Credit scores are among the most critical factors that lenders look at to assess a homebuyer’s loan qualifications. Credit scores can affect the mortgage interest rate homebuyers receive from their lender.
WHAT DETERMINES A MORTGAGE RATE?
Many factors affect your mortgage rate, especially your credit scores. Here are a few of the most common and significant factors:
- Property Type: condos and multi-unit dwellings (2 – 4 units) usually have higher interest rates associated with them than single-family dwellings.
- Property Use: Investment properties have higher rates than owner-occupied and primary residence properties.
- Down Payment: The bigger the down payment, the lower the rate, in most cases.
- Loan Amount: Small loans (under $150,000, for example) can have higher rates, as can large jumbo loans (over $3 million, for example). Also, “Low Balance” conforming loans under $484,350 will have lower rates than “High Balance” conforming loans (from $484,350 to $726,525).
- Credit Scores: Credit scores are one of the most significant influencing factors. Credit scores can significantly affect rates. A homebuyer with a 750 mid-score might have a rate as much as 1% lower than a borrower with a 670 mid-score.
PERFECT CREDIT SCORES SERVE NO PURPOSE
But other than granting bragging rights, perfect scores serve no purpose. In the mortgage realm, the highest score conforming (Fannie and Freddie) homebuyers can benefit from is 740. For jumbo loans, the highest score from which a homebuyers can benefit from is 780. Underwriters don’t go easier on borrowers with 850 scores, and their rates are not any lower either.
TIPS TO IMPROVE CREDIT
If you’re unsure how to repair your credit score, these tips are a practical guide for establishing, maintaining, and improving your credit score for mortgage approval.
- Prove you are responsible for both types of large-scale credit. The most effective credits for your credit score are installment loans (auto loans, student loans) and revolving credit (credit cards).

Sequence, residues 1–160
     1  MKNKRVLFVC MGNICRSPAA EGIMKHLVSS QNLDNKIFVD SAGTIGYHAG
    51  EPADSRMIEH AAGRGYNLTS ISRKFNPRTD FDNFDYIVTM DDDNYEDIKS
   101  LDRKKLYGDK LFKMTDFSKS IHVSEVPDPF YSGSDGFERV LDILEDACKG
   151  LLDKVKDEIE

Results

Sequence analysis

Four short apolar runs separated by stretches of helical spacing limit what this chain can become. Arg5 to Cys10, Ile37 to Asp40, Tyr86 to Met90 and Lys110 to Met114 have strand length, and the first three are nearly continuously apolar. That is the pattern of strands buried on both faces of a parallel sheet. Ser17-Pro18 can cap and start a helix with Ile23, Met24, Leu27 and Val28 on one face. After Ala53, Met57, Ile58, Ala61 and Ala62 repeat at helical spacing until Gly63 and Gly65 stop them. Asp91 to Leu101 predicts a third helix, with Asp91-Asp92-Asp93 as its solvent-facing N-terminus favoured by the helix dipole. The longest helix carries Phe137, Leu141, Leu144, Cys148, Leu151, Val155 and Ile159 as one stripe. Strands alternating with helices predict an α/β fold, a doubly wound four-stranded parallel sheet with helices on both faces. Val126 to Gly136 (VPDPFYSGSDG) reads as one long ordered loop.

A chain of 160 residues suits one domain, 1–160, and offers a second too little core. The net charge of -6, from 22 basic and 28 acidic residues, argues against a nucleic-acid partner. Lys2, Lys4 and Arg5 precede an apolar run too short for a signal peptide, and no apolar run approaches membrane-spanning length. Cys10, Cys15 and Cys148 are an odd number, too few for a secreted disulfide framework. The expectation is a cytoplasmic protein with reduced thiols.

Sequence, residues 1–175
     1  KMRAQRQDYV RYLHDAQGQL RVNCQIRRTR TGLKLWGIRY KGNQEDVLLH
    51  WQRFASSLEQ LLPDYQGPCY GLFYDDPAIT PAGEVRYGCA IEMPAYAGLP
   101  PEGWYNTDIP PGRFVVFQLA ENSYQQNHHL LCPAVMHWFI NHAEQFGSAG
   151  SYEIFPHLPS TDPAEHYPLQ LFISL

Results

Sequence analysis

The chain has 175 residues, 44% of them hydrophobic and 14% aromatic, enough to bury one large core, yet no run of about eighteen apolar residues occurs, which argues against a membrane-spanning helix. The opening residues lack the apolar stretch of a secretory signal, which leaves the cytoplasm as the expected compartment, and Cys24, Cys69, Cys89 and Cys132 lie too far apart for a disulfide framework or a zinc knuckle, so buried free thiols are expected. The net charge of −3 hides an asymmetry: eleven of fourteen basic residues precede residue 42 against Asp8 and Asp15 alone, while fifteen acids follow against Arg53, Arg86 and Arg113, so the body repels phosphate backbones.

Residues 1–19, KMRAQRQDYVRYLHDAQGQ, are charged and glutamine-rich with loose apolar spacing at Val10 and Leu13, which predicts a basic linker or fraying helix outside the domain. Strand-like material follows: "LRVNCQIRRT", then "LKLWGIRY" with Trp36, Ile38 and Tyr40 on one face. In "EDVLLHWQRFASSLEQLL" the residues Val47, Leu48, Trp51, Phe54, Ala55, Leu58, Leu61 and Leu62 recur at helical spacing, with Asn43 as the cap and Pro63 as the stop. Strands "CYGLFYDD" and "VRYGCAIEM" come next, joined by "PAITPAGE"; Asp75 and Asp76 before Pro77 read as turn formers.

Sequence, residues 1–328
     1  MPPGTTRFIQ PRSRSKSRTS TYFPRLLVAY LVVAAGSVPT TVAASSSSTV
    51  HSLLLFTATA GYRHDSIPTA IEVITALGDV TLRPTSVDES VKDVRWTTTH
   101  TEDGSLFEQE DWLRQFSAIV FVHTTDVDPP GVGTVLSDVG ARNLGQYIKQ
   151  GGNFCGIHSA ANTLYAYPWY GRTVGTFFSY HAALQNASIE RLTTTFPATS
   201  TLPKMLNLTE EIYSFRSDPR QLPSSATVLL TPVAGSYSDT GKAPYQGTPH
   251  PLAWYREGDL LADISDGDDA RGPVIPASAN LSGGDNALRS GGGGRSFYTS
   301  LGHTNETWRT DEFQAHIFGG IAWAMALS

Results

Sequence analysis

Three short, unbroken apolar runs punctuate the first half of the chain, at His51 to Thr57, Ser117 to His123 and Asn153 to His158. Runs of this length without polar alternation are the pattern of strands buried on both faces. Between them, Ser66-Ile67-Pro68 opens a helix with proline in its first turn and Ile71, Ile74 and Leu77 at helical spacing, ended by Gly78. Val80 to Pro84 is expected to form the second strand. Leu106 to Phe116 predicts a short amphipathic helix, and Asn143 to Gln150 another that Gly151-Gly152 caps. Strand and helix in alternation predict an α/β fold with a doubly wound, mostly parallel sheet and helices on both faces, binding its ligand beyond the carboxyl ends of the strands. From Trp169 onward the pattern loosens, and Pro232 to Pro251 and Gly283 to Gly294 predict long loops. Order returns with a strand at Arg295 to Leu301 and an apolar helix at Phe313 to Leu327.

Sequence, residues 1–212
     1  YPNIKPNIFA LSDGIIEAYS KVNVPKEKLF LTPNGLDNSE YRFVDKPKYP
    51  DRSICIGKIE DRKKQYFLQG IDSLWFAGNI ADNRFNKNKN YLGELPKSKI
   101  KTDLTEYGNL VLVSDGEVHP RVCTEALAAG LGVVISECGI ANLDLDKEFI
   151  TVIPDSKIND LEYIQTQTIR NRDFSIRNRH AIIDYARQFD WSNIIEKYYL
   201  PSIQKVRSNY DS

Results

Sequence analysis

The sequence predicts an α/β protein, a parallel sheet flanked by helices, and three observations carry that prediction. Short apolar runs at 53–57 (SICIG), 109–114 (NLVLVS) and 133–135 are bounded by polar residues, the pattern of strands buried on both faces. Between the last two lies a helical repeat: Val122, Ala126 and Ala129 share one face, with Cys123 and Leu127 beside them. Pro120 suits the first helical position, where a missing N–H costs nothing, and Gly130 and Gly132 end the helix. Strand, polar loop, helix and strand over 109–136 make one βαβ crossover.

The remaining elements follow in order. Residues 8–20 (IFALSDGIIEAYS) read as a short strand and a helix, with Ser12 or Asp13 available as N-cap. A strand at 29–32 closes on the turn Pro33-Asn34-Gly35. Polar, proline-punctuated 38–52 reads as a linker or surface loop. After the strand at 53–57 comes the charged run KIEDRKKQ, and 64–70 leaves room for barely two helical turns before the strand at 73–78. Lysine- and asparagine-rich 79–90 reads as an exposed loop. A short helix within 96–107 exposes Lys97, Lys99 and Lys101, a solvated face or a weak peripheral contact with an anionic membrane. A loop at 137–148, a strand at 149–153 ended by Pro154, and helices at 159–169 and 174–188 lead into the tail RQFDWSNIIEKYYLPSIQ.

- Pay down your credit card expenses. The gap between your card’s limits and the amount of credit you’re using is something lenders may take into consideration. A good level would be a usage of 30% or less. An even better level would be a utilization below 10%.
- Make sure your payments are on time. One of the most crucial things you can do to help your credit score is to pay your bills on time. Oftentimes auto-pay features can help ensure that you never miss a payment.
- Use your credit in moderation. You don’t want to deepen the debt you’ve already accrued.
- Understand your rights as a consumer. A helpful resource for consumers is the Federal Trade Commission Consumer Information. As a borrower, you can dispute inaccuracies from your credit reports. Credit companies are then required to investigate relevant information. By doing so, inaccurate or derogatory marks on your credit report can often be removed, resulting in your credit score improving. Improving your score can help qualify you for various loan products or lower interest rates.
- Avoid possible scams. Advertised services that prey on people with low credit may damage your score instead of relieving your debt. The steps above are a much more effective method of improving your credit.
This blog covers the basics of how credit scores can affect mortgage rates for homebuyers. To learn more about how you can improve your credit score and other factors that influence the mortgage rate for your home loan, you can contact our expert team of Mortgage Analysts. Our team is available 7 days week by phone at (855) 855-4491 or by email at firstname.lastname@example.org.
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